If you read only one deep-think review of a Thomas Kinkade biopic this morning, make it this one . A.S. Hamrah stares deep into Kinkade’s empire and descries the core of our own destruction: shady economics (the painter has awkward relationships with investors), real estate (care to check out a Kinkade-inspired housing development?), and, well, fire. Lots of fire:
He says that as the son of a single mother who worked late, he often came home to a house that was dark and cold, especially in winter. The "Kinkade glow" represents what he wished was there instead. He tells the story more than once, which raises a question or two: Didn’t he maybe just want to burn the place down? Is his art really a form of arson?
Hamrah maintains that trying to invest in "
these reproductions, gobbed with points of light" is a lot like trying to get rich flipping overpriced McMansions. There's another relationship between Kinkade and economic implosion. I once watched the painter, who was wearing a black beret at the time (because he is an artist), explain at great length how desperately God wants you to be rich. It was my first encounter with the prosperity gospel. Hanna can tell you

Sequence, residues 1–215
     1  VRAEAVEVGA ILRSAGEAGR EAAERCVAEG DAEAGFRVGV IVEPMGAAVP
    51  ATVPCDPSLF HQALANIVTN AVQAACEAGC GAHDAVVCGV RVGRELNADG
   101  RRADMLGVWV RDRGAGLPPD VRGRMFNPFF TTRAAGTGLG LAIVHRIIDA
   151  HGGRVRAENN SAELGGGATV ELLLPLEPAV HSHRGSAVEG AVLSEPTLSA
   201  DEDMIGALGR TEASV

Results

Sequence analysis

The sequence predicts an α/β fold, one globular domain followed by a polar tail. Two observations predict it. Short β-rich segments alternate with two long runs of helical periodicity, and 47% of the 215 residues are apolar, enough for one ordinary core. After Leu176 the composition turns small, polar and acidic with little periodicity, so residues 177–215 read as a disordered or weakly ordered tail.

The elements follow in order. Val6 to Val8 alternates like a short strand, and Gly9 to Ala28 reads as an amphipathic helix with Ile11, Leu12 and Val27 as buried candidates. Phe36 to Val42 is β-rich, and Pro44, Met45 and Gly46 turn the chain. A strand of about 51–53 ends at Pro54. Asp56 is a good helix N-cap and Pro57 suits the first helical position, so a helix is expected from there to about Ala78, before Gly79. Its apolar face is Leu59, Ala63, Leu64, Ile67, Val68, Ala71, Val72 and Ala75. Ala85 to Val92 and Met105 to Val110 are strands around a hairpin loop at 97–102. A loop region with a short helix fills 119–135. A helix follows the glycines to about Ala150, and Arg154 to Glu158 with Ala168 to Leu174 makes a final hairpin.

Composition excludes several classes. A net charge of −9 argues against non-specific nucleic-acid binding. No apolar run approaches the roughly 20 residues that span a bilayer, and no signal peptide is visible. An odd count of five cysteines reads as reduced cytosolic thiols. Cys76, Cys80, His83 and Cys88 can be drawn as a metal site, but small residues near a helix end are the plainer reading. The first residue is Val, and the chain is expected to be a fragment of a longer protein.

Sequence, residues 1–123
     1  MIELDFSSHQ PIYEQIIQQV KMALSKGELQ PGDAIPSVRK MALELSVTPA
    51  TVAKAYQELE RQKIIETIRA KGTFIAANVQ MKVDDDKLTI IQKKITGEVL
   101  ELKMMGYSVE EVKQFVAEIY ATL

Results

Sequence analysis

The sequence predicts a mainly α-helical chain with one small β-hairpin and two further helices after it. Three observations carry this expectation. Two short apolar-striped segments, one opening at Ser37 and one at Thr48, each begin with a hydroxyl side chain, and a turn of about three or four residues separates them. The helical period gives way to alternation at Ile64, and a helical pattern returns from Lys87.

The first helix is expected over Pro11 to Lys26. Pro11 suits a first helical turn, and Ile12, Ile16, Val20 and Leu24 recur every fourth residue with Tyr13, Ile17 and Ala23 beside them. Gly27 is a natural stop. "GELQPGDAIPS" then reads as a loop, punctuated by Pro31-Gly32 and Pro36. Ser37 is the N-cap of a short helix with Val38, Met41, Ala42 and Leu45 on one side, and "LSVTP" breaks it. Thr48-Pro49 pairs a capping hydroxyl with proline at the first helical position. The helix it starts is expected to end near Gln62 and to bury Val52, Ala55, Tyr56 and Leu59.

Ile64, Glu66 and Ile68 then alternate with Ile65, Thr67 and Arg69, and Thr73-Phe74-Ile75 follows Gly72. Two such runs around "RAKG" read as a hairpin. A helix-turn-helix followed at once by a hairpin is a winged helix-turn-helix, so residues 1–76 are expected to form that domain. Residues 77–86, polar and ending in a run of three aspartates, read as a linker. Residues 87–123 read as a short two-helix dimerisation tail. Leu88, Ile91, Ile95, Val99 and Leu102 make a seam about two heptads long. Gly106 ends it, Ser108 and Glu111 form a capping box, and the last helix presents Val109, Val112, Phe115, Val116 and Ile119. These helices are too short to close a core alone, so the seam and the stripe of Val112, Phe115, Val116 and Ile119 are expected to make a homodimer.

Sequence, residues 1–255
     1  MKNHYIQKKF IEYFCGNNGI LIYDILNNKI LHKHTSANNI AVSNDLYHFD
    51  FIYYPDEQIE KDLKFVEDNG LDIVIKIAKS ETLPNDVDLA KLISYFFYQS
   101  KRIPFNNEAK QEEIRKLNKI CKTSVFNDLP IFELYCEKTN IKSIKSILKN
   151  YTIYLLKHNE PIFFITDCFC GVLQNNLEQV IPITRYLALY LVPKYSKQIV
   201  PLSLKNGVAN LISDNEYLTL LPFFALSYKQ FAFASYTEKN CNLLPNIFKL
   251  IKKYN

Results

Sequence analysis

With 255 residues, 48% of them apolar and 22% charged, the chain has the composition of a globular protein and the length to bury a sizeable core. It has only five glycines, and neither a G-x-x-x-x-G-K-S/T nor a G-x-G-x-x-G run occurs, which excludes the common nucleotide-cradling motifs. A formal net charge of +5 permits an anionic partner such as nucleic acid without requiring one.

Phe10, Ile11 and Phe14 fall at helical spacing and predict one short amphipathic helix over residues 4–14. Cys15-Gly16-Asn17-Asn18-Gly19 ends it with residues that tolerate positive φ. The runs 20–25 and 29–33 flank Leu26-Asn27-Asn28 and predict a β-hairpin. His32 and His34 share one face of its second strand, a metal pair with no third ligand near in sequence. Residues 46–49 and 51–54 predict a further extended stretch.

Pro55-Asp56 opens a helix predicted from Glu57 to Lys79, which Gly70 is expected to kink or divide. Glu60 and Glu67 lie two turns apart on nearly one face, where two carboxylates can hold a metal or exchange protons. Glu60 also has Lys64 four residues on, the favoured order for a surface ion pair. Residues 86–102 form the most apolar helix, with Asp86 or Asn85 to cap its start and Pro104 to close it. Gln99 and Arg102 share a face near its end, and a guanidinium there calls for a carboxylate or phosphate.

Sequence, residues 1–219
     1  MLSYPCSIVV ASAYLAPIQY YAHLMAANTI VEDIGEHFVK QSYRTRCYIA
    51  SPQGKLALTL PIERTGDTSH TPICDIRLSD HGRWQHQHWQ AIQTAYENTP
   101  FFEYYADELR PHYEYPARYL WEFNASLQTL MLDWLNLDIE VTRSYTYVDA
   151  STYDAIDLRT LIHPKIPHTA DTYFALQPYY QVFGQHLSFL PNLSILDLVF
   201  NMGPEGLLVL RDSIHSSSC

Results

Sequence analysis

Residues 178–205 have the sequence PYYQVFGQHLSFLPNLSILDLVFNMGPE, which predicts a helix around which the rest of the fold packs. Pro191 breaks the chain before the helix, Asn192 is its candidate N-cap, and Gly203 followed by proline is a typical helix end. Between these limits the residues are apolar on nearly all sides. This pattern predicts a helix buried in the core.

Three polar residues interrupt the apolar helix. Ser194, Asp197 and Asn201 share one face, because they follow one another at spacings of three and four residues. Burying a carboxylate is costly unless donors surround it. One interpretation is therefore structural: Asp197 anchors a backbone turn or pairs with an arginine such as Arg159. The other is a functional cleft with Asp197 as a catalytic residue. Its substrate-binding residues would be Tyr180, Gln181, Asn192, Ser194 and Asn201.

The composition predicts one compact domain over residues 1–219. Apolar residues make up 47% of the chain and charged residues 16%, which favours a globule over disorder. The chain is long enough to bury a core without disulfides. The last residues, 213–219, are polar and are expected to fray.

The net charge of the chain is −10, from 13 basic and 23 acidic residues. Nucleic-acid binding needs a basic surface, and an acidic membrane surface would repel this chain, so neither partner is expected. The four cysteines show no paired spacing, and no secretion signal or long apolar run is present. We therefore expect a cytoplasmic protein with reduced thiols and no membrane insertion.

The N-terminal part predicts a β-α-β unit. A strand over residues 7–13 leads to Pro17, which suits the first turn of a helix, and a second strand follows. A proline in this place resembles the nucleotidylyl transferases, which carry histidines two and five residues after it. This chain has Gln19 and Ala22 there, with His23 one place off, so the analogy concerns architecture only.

how that's worked out
TODAY IN SLATE
Black people’s disdain for “proper English” and academic achievement is a myth.
Hong Kong’s Protesters Are Ridiculously Polite. That’s What Scares Beijing So Much.
The One Fact About Ebola That Should Calm You: It Spreads Slowly
A Jaw-Dropping Political Ad Aimed at Young Women, Apparently
How Even an Old Hipster Can Age Gracefully
On their new albums, Leonard Cohen, Robert Plant, and Loudon Wainwright III show three ways.